Isaac’s reaction are a fascinating focus of another Midrash. How did Isaac react (especially if he is an adult) to being tied by his father to an alter piling up wood, holding a fire and taking a knife and placing it on his neck?

‘My father seized me and brought me to the heap of wood. He bound my hands and feet tightly. My eyes stared wide, desperately wide: ‘Adonai.’ I tried to whisper ‘Adonai.’ Adonai?’ I asked. And my father unsheathed the knife, and it drew closer and closer and closer. “Adonai!!’ I cried out inaudibly, ‘Adonai, Lord of the universe, where are you?’ And my father placed the blade to my throat ...’What are you doing? Are you crazy? I do not want to die   Why are you doing this? ... Let me go! ... Let me go, I tell you!’ 63

Is it conceivable that Isaac could not be massively traumatized? Can he ever overcome the post traumatic stress of being ‘near sacrificed’ by his father? Can he ever be expected to function normally? Can he ever not be preoccupied and obsessed with fear? He was exposed to the ultimate in family violence. Can he be likened to a holocaust survivor?  Elie Wiesel has concluded ‘Since then Isaac has never forgotten the terror of the scene which destroyed his youth. He will always remember the Holocaust and remained marked to the end of time.’ 64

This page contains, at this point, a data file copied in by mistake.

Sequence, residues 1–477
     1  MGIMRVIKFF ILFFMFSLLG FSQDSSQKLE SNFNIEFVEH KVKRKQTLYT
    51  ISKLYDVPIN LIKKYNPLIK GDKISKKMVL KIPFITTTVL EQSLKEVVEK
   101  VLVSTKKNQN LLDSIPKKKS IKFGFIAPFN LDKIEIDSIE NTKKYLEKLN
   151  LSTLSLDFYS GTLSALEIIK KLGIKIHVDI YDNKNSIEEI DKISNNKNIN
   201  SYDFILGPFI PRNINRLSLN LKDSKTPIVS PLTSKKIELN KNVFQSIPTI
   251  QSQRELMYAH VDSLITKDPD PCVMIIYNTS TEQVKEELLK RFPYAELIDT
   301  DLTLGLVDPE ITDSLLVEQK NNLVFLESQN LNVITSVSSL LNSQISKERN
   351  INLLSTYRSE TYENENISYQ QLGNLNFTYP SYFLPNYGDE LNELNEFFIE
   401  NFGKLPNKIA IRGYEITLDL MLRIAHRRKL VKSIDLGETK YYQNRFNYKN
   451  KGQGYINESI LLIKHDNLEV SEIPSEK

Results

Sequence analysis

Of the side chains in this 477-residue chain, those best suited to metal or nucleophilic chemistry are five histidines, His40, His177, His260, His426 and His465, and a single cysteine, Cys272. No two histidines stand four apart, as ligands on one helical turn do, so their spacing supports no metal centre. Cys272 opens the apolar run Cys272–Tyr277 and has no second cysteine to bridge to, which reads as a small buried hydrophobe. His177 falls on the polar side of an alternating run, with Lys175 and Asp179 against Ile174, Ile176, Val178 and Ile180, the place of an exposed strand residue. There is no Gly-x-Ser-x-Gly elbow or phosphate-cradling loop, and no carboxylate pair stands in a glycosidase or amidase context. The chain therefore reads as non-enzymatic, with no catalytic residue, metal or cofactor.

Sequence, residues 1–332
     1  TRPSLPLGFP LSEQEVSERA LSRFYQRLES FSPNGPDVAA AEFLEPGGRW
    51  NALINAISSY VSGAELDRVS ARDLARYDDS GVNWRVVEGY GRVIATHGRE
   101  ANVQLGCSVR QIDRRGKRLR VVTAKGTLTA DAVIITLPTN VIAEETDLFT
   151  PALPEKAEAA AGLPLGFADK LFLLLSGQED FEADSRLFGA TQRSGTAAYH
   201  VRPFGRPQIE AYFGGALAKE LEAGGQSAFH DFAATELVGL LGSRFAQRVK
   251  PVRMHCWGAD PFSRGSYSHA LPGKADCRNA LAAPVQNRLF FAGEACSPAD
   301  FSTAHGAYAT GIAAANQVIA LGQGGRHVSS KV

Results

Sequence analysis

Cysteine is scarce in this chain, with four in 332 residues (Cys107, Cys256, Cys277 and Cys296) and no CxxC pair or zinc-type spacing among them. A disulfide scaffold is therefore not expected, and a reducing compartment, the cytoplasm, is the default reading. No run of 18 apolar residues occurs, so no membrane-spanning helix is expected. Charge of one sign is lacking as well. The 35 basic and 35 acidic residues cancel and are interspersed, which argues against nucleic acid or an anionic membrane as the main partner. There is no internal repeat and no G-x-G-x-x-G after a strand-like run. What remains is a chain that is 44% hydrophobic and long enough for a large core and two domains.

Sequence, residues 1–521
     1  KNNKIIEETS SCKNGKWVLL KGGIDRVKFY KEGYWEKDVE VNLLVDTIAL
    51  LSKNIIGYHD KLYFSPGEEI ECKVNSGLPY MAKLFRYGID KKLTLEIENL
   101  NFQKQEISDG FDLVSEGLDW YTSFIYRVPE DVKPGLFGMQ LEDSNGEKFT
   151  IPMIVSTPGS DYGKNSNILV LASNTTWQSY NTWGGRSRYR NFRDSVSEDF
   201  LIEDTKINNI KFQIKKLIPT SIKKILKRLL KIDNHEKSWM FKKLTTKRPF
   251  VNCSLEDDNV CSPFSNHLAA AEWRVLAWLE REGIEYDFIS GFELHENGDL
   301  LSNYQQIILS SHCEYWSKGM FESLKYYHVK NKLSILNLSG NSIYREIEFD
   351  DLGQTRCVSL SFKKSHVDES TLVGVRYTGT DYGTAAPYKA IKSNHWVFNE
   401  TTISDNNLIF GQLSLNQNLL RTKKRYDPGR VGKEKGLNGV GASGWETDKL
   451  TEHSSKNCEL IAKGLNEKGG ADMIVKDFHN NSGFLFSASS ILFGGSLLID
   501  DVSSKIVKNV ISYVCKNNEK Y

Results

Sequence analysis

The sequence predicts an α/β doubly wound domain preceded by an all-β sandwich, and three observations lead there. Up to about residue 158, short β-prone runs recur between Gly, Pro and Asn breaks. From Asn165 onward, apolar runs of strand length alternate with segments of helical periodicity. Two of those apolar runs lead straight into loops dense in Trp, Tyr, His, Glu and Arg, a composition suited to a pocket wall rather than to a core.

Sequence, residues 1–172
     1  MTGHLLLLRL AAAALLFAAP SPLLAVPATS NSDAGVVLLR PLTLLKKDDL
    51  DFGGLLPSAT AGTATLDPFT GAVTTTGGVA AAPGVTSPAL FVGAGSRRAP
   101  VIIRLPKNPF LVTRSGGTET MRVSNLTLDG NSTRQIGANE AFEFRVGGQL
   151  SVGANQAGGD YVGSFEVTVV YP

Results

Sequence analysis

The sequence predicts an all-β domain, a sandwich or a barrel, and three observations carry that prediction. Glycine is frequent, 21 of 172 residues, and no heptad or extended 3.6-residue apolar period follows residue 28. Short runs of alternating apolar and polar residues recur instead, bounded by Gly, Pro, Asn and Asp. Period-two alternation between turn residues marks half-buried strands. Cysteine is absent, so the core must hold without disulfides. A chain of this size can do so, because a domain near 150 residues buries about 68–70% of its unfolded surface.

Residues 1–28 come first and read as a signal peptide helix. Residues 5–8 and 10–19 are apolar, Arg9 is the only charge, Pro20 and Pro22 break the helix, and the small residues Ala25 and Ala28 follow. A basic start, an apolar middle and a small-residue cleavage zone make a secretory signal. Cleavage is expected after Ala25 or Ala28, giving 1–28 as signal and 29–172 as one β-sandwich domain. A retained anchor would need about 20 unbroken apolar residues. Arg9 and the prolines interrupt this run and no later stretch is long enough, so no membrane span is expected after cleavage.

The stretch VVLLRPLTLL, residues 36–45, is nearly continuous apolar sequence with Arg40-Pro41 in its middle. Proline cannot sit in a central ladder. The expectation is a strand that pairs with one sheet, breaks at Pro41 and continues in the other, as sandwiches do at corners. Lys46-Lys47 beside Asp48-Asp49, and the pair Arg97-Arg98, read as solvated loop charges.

Can Isaac ever reconcile his feelings for his father whom he previously seen as loving father? What impulses will impound upon him - rage, revenge, hate - or complete passivity? Is any relationship with his father possibly after this? Can Isaac ever have forgiven his father? In fact, in the text they never speak again! Did Isaac hear the voice of the angel, twice and recognize God’s role in this affair?

Did Abraham reveal to Isaac that the akeda, his sacrifice was a direct commandment from God?  Did he reveal the agony he went though? Did the entire affair become a family secret? 65 Did Abraham ever try to reconcile himself with his son Isaac? Did his father ever ask him if he wished to be sacrificed for God? He feels like a ‘kurban’. The Hebrew word means both victim and holy sacrifice and its root is ‘karov’ meaning to be close or make one close. Does Isaac feel closer to his father or to God as a result of the akeda? Isaac is a victim of his father’s attempt to make him a holy sacrifice. Jewish commentators tell us that the sacrifice was in opposition to human sacrifice as a holy deed  which was prevalent at the time. But what happens to Isaac, the holy victim?

What did Isaac think of Ishmael coming at his father’s request to his slaughtering? What was his relationship with his brother Ishmael, considered illegitimate, unwanted and dangerous by his mother? Why had his father invited him to his sacrifice? What does he feel towards his brother who did nothing to protect him? Did it occur to him  that Ishmael would replace him, in fact was brought to replace him? Or did he equate Ishmael’s expulsion to his slaughter? And what he think of his father’s servant Eliezer, who came to his slaughter  - who would later bring him a wife?